While dedicated password managers are the way to go to stay secure online, Google Chrome has been offering basic credential management for a while. Advanced features such as password leak detection have been limited to (mostly) paid password managers or Chrome's competition in the form of Firefox Monitor (powered by Have I Been Pwned). Luckily, Google is working on feature parity with Firefox by including leak detection natively in Chrome for desktop and Android, and it's already live in Canary, the developer version of the browser. Another welcome change the company is working on are less annoying notification prompts from websites.
Password leak detection
Google's password theft checker isn't new, per se – it already exists in the form of the Password Checkup Chrome extension, automatically alerting you if the login details you enter on any service have already been leaked publicly.
A Chromium bug report and a Gerrit entry were the first pieces of evidence pointing to the integration of password checkup. TechDows found out that you can already activate it in Chrome Canary, but you have to jump through some hoops. First, head to chrome://flags/#password-leak-detection and enable the Password Leak Detection flag (copy and paste the address in your browser, as Chrome doesn't support hyperlinking these due to security reasons). After restarting Chrome Canary, you also have to check your settings at chrome://settings/passwords to see whether Password protection is toggled on. Once that's done, you should be good to go – since I don't have any leaked passwords, I couldn't test if the feature works as intended, though. For now, the flag is also limited to the desktop version of the browser, but another Chromium Gerrit entry noticed by XDA Developers reveals that Google is planning Android support, too.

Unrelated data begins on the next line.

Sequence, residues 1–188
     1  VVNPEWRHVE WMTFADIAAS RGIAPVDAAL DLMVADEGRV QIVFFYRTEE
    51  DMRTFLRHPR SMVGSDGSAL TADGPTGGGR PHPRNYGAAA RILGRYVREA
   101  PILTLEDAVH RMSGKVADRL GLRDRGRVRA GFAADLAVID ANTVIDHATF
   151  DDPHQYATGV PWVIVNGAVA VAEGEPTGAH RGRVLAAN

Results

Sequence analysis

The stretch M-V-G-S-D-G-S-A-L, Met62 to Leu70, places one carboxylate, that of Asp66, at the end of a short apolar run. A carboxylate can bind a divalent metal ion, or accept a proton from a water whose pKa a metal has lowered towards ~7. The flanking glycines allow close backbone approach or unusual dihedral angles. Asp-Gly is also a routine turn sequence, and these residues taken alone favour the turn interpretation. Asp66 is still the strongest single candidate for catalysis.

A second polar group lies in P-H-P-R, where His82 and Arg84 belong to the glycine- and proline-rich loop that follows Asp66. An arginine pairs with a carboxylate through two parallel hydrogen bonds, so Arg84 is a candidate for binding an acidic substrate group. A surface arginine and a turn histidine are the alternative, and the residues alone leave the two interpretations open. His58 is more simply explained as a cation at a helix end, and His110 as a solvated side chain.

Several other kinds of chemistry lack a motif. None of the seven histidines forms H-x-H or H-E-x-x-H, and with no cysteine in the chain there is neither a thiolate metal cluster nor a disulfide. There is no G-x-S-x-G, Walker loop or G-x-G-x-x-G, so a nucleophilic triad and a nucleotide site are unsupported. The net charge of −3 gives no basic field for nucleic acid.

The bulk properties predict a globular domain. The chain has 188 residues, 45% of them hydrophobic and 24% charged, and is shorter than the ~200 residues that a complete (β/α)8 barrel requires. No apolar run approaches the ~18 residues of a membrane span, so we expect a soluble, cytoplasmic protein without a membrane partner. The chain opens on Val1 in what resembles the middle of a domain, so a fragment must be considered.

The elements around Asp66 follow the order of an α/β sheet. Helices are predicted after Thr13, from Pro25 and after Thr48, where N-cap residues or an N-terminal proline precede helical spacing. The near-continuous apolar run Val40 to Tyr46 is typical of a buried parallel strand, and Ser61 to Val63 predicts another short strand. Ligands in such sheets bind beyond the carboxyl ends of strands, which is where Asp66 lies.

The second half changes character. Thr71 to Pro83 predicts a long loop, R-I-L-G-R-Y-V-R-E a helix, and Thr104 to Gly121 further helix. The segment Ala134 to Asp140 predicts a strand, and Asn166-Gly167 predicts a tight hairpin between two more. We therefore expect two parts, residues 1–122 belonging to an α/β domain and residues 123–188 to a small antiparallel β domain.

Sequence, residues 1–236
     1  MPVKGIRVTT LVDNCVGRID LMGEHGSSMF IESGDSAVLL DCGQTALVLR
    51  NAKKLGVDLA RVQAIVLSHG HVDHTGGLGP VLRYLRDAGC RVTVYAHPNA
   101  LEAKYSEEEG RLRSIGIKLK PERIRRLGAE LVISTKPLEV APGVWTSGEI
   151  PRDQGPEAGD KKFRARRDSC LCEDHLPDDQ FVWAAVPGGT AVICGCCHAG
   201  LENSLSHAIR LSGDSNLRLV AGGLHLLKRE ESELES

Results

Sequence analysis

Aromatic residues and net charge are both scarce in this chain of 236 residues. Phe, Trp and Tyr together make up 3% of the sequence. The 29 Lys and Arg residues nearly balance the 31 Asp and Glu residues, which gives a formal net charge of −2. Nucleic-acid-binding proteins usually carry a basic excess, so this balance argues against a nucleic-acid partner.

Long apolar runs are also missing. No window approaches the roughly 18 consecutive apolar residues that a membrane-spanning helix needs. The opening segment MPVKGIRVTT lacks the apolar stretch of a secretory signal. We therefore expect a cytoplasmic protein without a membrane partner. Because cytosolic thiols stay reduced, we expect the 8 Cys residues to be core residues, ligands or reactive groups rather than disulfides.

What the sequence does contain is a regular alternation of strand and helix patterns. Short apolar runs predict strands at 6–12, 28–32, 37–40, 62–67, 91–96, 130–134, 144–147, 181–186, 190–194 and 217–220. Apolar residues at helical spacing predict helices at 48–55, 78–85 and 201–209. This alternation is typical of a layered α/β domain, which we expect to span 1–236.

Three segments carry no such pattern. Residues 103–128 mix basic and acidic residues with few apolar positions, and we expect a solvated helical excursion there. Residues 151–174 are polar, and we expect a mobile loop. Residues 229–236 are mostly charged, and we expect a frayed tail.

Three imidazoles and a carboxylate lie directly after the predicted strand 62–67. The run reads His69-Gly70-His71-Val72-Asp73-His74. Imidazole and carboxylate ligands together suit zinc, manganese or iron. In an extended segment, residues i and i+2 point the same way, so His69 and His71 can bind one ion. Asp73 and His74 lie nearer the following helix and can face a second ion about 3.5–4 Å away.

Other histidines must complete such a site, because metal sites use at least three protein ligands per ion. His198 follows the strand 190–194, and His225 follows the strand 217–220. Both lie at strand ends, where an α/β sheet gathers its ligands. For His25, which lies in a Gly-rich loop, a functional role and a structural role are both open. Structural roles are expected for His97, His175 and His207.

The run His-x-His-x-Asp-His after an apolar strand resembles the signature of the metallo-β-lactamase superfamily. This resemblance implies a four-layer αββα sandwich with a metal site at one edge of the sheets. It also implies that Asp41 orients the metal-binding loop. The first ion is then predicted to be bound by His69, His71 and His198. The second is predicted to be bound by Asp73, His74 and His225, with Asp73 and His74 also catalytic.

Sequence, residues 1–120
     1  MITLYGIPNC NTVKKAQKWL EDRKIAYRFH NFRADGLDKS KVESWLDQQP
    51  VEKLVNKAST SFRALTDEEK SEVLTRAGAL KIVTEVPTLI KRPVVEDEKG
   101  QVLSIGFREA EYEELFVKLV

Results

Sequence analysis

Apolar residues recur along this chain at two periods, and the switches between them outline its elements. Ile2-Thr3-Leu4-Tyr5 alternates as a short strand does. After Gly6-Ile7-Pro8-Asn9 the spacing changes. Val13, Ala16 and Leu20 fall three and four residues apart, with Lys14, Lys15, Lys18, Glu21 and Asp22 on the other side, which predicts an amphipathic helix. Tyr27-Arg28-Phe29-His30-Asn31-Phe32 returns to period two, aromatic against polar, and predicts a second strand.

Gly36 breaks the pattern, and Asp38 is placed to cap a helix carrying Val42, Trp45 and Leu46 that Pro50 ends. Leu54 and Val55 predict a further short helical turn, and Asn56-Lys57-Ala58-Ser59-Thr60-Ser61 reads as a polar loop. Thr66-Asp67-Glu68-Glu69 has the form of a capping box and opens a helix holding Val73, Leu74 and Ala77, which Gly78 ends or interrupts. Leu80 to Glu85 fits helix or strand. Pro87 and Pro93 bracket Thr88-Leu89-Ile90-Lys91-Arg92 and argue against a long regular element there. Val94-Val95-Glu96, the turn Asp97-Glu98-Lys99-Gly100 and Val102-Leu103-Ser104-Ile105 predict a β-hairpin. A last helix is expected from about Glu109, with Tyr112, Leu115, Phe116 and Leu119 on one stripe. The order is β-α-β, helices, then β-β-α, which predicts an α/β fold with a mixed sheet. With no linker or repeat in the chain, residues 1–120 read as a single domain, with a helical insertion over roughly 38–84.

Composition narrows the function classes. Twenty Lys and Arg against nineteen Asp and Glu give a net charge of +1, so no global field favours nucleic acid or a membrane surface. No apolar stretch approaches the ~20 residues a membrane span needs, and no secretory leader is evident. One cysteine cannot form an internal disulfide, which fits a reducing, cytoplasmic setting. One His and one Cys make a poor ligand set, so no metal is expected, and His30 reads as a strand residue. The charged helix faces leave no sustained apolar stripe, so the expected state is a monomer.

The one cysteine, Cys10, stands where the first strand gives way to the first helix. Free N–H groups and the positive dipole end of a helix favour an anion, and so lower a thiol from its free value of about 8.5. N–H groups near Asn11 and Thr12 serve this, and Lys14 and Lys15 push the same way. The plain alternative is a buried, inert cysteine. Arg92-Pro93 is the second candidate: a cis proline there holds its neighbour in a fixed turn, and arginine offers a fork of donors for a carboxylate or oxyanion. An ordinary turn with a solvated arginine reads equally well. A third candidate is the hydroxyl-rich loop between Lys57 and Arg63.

Less interruptive notification permission dialogs
Unlike the password feature, less annoying notification permission prompts are only planned to be available on Android for now – which makes sense, since it's most intrusive there. A flag shows that the company is working on implementing mini info bars, presumably sitting at the bottom of the interface just like "Add to homescreen" toasts. In contrast to the current UI, which overlays a prompt, interrupting your browsing experience, this should lead to a much more pleasant experience. Right now, enabling the Quieter notifications permission prompts flag doesn't do anything – the feature is still under active development.
Less interruptive notification permission dialogs now live as a flag
Testing of the less interruptive notification permission dialogs continues, and now finally something actually happens when you activate the 'force mini-infobars' in the Quieter notifications permission prompts flag: A toast message shows up at the bottom of the screen, informing you that notifications are blocked. Clicking on 'details' lets you change that behavior. This is already live in the stable release of the browser.
In Chrome Canary, an additional 'force quiet notifications' option has been added, but the mini-infobars are live in stable Chrome, too.
In Chrome Canary, a new option called 'force quiet notifications' has been added. Activating this prompts a quiet notification informing you that notifications are blocked for a website — somewhat ironic. Choosing "force heads-up notifications" makes Chrome default to the current behavior of overlaying a pop-up, which hinders you from using a website before you actively decide to block or allow notifications.